Super Ghouls 'n Ghosts is an SNES-exclusive sequel to Ghouls 'n Ghosts, itself a sequel to Ghosts 'n Goblins. Like its predecessors, its claim to fame (or infamy) is being ridiculously hard.
Super Ghouls 'n Ghosts follows the formula of Ghosts 'n Goblins to a tee. You control a knight named Arthur who must rescue Princess Guinevere by battling endless hordes of monsters and demons: Zombies, Ghosts, Weredogs, Bats, Red Arremers, and even Mimics (the D&D monster that disguises itself as a treasure chest). He picks up various weapons along the way but can only hold one at a time. Some of them (especially the torch) are worse than the throwing spears he begins with. Three new weapons are the crossbow, scythe, and tri-blade. The crossbow is good because it shoots two arrows at once, at about 45 and 30 degree angles upward. I avoid the scythe because Arthur can throw only one at a time and the ability to arc it downward by holding ↓ does not compensate for this. The tri-blade is a weak boomerang attack.
There are a couple new elements in Super Ghouls 'n Ghosts. The second level, for example, is an auto-scrolling water level, with Arthur riding a raft on a rising and falling body of water. Several segments effectively use Mode 7 rotating effects (though the shaking screen in Stage 5 made me motion-sick!). Some treasure chests are now traps: a Jester pops out whose magic projectile briefly turns you into a baby, a bee, or a helpless woman (yikes). The stage bosses are large and interesting. On the whole, Super Ghouls 'n Ghosts delivers the high quality you expect in an SNES game.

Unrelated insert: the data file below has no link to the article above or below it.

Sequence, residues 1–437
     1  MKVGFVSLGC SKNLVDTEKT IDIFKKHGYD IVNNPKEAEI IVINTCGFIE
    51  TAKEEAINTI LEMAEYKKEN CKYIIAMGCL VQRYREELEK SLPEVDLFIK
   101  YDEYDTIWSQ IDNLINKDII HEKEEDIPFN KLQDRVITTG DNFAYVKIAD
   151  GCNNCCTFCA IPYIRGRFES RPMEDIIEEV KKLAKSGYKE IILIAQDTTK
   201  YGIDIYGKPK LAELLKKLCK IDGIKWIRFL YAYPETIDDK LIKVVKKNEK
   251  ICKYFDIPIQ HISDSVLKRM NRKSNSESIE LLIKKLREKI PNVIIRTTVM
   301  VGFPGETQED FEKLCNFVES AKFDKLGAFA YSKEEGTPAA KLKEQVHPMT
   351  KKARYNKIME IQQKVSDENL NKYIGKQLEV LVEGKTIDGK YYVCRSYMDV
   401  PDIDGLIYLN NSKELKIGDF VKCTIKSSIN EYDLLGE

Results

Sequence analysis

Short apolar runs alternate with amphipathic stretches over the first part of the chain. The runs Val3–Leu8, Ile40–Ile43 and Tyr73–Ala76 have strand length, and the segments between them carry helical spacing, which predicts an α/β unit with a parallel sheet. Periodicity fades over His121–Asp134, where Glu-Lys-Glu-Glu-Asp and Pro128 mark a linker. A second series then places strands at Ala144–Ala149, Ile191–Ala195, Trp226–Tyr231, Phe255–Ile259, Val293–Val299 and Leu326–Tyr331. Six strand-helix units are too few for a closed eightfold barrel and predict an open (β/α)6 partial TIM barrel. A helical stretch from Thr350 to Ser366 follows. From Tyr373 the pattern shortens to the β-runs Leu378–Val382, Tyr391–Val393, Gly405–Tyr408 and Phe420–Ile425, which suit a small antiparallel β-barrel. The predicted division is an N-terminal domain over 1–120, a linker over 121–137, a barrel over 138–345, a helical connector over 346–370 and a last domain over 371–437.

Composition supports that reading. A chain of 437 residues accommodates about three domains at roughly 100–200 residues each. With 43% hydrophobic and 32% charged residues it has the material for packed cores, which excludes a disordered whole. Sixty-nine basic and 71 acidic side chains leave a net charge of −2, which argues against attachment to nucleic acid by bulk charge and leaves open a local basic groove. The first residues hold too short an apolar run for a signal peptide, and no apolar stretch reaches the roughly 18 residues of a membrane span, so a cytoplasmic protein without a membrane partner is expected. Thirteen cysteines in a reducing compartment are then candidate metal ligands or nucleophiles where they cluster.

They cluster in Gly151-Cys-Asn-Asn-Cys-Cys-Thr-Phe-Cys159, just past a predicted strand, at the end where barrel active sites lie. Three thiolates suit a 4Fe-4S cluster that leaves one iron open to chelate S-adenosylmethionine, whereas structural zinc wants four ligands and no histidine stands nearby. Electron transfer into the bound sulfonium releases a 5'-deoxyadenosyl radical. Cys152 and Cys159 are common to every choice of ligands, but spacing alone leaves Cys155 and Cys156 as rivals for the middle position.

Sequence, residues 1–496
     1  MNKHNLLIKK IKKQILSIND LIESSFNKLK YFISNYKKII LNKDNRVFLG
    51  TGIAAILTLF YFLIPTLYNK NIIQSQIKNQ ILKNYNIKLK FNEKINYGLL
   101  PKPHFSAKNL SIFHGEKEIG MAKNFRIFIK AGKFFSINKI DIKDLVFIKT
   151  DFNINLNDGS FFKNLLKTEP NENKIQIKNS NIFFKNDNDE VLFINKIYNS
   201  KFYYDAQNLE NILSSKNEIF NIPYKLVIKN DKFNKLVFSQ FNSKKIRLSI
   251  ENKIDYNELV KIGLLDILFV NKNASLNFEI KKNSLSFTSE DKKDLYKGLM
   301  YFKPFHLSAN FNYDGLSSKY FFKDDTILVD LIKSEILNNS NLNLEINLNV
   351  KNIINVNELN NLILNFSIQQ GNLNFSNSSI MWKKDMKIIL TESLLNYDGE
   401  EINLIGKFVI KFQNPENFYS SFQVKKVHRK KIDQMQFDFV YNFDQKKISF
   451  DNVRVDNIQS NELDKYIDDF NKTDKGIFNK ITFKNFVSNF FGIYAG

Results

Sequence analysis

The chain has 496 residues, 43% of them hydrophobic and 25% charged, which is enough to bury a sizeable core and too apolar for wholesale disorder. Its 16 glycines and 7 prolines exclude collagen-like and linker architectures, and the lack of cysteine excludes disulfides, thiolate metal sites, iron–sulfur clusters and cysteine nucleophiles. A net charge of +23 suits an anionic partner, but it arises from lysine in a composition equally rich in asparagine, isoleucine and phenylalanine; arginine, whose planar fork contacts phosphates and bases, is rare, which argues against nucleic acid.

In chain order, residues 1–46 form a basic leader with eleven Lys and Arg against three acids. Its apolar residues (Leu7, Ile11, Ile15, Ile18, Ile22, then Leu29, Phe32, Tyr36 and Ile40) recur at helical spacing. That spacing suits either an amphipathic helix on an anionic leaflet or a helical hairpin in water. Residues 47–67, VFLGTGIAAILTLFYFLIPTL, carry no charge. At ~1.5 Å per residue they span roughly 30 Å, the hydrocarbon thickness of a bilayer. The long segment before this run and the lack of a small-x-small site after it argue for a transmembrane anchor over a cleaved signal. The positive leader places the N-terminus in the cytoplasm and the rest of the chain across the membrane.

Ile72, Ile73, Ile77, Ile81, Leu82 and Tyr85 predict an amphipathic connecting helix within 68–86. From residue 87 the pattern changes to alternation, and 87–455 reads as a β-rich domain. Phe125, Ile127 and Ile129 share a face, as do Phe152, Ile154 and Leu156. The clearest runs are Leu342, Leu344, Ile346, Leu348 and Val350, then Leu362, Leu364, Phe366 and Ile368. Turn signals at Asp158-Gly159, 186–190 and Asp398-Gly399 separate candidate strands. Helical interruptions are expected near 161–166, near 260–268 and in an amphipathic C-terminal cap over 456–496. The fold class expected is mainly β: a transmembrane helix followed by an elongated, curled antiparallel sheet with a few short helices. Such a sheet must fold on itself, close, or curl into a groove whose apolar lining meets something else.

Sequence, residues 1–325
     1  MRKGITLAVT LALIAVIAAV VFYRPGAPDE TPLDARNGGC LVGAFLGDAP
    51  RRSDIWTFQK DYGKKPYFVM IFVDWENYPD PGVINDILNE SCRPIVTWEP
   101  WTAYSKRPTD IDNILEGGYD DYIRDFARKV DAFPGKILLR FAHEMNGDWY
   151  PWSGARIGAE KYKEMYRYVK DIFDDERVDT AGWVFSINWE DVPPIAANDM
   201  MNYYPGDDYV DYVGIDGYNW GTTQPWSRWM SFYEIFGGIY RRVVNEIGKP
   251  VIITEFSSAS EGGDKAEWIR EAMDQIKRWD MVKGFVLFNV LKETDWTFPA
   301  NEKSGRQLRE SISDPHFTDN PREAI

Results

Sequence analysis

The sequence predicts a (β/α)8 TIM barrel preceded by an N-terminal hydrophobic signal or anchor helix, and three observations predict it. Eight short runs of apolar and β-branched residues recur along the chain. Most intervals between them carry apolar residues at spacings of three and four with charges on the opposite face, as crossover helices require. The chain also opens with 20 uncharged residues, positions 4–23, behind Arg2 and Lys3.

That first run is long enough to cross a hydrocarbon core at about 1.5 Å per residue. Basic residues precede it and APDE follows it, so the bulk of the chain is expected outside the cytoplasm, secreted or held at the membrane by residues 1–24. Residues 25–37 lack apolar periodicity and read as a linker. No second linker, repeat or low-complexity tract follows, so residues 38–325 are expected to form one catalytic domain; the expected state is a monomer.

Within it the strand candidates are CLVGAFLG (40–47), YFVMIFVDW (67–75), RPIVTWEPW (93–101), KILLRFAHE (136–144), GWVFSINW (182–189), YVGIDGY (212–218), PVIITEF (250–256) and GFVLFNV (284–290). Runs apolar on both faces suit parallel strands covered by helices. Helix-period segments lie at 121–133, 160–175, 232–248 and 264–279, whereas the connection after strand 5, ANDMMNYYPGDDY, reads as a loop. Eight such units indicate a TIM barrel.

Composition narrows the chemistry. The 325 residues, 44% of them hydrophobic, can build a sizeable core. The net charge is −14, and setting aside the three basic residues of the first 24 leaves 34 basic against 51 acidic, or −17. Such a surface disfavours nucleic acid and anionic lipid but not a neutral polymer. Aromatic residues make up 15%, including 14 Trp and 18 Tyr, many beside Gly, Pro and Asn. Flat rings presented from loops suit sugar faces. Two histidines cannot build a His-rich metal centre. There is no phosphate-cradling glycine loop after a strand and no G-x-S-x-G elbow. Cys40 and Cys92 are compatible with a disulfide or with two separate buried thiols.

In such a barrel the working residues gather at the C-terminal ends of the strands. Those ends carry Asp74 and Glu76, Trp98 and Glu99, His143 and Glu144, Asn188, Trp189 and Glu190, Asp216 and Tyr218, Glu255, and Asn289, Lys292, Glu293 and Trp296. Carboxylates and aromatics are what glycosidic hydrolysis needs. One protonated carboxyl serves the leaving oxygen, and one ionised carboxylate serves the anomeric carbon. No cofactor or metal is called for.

The most notable addition is that Arthur now can do a second jump in mid-air. You might think this would make the game easier, but it often has the opposite effect, for it gave the developers a new tool with which to torture you. You see, you have to use the double jump to traverse many gaps and obstacles, and if you don't time it right, Arthur will find himself jumping too far or not far enough, landing in a ditch or on an enemy. The third stage, for example, contains some precise jumping between stone platforms in lava.
More fun is the addition of armor upgrades. The Bronze Armor (which is green) despite the name only upgrades Arthur's weapon, not his defense. For example, when wearing it, the crossbow fires three heat-seeking shots! If he gets hit, it's back to his skivvies. If you can keep the Bronze Armor long enough, though, a chest with Golden Armor will eventually appear. It lets you use a magical attack by holding down Y or A to charge it up and then releasing. It also comes with a Moon Shield that can absorb one projectile before breaking. As long as you have it, you can also find the Sun Shield, which can absorb three hits! The game is more fun with the Golden Armor, but unless you're an expert, this will rarely happen.